Improved student assessment of instruction forms coming next semester
The survey tool students have been using to critique professors since Florida Gulf Coast University was established in 1997 is finally getting an upgrade. The Student Assessment of Instruction will soon be replaced with a new document that will include open-ended questions and eliminate questions that don’t give professors helpful information.
Professor Linda Serro and a team of eight professors began working to replace the SAI in fall 2013, after professors on the Faculty Affairs Team of Faculty Senate began to discuss whether it was actually helping them learn about and improve their teaching.
“We wanted something that would give us better information about the learning environment,” Serro said. “We are a teaching institution. In order for us to improve we need this feedback.”
After researching similar assessment tools used by universities across the country, getting feedback from faculty at town hall meetings and piloting the new assessment in several classes in spring 2014, Serro said that the new “Student Perception of Instruction” will be ready for use in spring 2015.
While the current SAI involves a scale system where students can agree or disagree with statements such as “the instructor is prepared” and “I will recommend this instructor,” along with one section for comments, SPoI will contain a combination open-ended and scale questions and a comment box to provide additional information.
Instead of having students rank how prepared the instructor was for class, the instrument will ask questions such as “Which assignments (paper, project, homework, things you turned in, etc.) supported your learning most and which were most troublesome?” and “To what extent did the textbook help your learning?”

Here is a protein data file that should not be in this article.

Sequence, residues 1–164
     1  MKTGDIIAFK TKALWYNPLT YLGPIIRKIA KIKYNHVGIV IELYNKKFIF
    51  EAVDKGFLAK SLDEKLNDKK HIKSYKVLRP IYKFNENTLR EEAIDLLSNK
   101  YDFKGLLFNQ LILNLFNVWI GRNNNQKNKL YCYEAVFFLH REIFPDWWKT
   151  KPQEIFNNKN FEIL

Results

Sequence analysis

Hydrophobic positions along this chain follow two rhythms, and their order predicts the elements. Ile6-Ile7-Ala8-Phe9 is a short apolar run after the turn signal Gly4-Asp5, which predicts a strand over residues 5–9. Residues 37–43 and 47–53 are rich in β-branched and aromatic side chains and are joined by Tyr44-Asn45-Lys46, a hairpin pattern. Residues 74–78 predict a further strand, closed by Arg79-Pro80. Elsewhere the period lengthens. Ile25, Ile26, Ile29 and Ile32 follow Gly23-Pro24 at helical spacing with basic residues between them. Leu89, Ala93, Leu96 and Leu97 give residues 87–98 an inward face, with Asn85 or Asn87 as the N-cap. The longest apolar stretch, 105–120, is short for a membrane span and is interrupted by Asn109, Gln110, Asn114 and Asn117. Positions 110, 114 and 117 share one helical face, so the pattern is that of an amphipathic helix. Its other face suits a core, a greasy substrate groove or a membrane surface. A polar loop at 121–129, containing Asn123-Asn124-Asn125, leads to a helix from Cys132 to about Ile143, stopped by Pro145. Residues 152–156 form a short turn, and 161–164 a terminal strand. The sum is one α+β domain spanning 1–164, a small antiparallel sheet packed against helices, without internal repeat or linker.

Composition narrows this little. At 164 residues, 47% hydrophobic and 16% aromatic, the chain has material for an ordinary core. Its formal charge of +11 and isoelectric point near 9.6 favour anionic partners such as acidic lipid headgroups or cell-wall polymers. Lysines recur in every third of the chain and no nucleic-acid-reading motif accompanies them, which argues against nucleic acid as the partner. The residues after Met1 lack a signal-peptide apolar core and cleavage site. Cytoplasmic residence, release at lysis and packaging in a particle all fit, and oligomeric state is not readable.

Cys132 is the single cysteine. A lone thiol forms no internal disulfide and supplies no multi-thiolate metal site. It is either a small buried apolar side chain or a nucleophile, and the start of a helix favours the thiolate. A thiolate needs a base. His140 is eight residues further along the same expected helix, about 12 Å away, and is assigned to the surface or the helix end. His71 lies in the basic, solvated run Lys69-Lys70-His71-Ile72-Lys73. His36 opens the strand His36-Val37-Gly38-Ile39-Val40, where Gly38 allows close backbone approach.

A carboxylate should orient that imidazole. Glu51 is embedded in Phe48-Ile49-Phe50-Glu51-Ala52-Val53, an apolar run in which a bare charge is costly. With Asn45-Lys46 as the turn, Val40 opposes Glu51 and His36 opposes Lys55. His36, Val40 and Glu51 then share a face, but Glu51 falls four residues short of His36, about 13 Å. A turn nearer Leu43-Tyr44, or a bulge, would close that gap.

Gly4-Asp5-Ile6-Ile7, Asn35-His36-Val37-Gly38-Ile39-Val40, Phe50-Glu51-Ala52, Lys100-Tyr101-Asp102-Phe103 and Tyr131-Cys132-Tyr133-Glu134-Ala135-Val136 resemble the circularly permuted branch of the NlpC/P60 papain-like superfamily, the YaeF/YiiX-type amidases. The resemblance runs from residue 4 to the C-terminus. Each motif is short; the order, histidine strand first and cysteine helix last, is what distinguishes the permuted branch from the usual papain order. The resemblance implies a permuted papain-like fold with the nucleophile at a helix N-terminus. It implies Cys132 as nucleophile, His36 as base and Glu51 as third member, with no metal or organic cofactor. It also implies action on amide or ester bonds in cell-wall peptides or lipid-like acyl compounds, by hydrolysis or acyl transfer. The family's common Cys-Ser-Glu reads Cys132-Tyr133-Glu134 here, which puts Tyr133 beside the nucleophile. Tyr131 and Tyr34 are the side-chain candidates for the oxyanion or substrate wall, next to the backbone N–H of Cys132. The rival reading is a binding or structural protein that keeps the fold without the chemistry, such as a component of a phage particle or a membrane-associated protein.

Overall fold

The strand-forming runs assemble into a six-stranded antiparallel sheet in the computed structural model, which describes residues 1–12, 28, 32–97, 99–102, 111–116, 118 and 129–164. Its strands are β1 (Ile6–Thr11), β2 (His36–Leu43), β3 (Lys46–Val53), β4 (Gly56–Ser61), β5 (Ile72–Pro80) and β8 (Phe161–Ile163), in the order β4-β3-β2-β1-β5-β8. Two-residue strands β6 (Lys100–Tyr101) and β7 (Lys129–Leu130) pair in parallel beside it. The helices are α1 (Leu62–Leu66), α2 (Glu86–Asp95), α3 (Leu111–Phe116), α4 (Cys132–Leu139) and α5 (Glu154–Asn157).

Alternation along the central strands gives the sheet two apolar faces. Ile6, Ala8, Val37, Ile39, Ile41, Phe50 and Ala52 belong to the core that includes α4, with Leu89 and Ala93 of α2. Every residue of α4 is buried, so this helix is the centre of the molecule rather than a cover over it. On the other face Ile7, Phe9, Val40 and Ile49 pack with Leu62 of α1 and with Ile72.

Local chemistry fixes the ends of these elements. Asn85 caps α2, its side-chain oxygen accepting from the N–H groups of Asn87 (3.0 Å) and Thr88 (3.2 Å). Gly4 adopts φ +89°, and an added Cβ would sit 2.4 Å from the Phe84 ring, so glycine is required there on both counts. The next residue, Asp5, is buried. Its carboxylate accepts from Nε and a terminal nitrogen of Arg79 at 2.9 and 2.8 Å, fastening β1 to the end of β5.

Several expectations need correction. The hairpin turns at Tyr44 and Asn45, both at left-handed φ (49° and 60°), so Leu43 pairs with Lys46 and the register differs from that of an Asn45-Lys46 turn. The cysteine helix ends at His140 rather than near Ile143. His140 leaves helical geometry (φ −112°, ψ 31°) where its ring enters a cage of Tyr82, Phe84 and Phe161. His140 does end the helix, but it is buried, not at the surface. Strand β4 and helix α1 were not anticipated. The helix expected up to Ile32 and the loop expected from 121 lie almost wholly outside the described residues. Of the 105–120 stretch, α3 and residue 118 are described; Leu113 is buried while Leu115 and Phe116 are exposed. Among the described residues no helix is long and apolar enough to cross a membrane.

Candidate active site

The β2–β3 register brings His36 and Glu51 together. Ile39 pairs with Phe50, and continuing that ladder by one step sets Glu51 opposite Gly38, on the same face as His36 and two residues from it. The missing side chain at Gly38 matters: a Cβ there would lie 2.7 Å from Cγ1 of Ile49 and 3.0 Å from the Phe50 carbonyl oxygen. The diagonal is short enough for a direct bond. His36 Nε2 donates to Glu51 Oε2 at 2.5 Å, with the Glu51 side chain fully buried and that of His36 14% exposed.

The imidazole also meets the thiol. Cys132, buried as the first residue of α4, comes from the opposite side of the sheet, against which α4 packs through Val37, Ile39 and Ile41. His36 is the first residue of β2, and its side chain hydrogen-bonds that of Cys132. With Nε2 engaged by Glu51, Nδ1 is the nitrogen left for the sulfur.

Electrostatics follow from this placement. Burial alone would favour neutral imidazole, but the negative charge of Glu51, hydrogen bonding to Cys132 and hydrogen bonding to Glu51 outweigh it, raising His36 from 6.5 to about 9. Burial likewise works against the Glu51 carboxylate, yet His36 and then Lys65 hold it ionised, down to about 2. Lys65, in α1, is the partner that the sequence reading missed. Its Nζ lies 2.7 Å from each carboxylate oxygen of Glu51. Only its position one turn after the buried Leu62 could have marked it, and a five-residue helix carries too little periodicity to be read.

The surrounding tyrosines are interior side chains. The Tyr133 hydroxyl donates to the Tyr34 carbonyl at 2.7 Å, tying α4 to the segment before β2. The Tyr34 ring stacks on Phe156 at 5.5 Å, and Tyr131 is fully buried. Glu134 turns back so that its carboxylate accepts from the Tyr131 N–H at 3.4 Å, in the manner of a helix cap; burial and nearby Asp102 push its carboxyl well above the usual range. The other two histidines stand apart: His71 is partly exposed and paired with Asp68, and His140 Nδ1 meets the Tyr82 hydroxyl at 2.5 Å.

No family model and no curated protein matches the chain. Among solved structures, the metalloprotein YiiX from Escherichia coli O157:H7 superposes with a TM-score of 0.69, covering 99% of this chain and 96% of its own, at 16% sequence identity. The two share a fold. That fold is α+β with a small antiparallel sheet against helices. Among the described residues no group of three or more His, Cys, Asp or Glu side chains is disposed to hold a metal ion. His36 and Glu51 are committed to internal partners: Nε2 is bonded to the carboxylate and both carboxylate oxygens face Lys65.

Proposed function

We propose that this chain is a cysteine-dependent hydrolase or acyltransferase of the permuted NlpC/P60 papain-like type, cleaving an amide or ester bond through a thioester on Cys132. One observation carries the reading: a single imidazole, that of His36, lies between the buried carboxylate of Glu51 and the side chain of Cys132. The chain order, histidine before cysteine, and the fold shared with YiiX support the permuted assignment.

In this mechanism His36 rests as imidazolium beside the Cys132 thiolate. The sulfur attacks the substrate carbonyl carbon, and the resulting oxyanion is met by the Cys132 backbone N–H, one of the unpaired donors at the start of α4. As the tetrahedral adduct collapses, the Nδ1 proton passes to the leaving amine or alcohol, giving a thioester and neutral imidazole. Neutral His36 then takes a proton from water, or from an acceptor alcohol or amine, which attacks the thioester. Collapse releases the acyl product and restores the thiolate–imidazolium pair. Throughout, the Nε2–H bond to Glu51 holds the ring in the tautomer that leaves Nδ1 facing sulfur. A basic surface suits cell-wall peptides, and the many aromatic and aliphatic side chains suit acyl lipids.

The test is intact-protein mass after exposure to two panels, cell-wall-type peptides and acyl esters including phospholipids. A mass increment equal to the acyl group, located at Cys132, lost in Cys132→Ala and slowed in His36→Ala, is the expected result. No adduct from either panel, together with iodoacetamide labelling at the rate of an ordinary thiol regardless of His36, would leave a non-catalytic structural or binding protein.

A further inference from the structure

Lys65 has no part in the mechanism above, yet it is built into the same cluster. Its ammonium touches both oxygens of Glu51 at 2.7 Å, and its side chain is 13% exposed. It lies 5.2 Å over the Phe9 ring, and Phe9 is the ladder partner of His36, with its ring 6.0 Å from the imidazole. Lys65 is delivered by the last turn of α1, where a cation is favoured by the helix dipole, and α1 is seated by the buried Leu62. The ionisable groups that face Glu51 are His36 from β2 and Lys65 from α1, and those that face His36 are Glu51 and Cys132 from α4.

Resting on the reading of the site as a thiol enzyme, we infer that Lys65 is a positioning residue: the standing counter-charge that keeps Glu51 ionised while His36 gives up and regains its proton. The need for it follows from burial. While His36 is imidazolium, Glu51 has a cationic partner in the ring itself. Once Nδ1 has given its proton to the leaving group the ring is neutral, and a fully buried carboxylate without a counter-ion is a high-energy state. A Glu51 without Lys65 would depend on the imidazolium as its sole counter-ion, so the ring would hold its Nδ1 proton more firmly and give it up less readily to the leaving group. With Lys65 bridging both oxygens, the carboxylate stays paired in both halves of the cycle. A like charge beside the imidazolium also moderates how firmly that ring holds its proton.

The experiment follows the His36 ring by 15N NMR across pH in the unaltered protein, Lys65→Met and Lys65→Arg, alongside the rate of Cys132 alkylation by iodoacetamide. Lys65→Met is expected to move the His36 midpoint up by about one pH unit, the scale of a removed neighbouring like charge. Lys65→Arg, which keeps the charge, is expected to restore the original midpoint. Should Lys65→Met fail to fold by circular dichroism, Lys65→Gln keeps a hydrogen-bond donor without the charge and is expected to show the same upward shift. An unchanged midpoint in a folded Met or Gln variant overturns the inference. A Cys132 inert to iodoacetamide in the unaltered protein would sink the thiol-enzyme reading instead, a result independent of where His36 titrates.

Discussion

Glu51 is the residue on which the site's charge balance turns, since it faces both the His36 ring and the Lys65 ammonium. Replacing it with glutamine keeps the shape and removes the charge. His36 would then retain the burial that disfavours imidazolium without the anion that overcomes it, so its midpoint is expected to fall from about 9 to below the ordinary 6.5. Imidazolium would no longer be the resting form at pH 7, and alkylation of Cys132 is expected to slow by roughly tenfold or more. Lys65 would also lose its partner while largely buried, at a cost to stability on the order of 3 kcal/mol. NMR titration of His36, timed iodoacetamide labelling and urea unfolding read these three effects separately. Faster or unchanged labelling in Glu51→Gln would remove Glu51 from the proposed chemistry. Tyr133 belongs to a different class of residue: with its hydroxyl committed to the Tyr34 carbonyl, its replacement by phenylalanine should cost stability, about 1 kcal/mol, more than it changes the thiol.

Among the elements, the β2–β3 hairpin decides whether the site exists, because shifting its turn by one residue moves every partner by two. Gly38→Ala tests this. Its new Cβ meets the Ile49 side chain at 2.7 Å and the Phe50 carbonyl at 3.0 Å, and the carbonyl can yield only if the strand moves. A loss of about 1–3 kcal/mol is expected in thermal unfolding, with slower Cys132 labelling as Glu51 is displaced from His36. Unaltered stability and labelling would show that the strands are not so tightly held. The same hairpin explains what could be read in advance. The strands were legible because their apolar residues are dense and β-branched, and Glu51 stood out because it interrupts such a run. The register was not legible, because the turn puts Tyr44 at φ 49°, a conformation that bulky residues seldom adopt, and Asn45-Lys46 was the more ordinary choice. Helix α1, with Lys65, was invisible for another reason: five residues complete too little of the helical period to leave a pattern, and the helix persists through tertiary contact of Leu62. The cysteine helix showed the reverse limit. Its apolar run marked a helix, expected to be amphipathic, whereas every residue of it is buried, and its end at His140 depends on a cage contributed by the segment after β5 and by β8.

Serro said she is excited for this new survey.
“We’re going to get much richer information,” Serro said.
Administration members such as Provost Ron Toll believe that this change is overdue.
“This new instrument will be a significant improvement over the current one,” Toll said. Before coming to FGCU, Toll worked at four other institutions and saw eight different SAIs. “It’s not unusual that universities change these instruments over time.”
This year, as a university with more than 14,000 students, FGCU is using essentially the same SAI tool that it used when it was a new university in 1997 with 2,500 students.
Students such as junior marketing major Christina Garcia, are ready for the new assessment.
“The one now is definitely not very helpful,” Garcia said. “The professor’s teaching the class, so I assume they are prepared. But did I use my textbook? Maybe not. But you don’t really find that out with the assessment we have now.”
Serro would like to encourage all students to fill out the SAI on Gulfline at the end of this semester, and look for the SPOI next semester.
“I know it’s the end of the semester, and all you want to do is get out of class, but it is so important to fill this out. Your feedback will benefit students who take the course after you. The purpose of SAI and then SPoI is to help improve teaching at FGCU,” Serro said.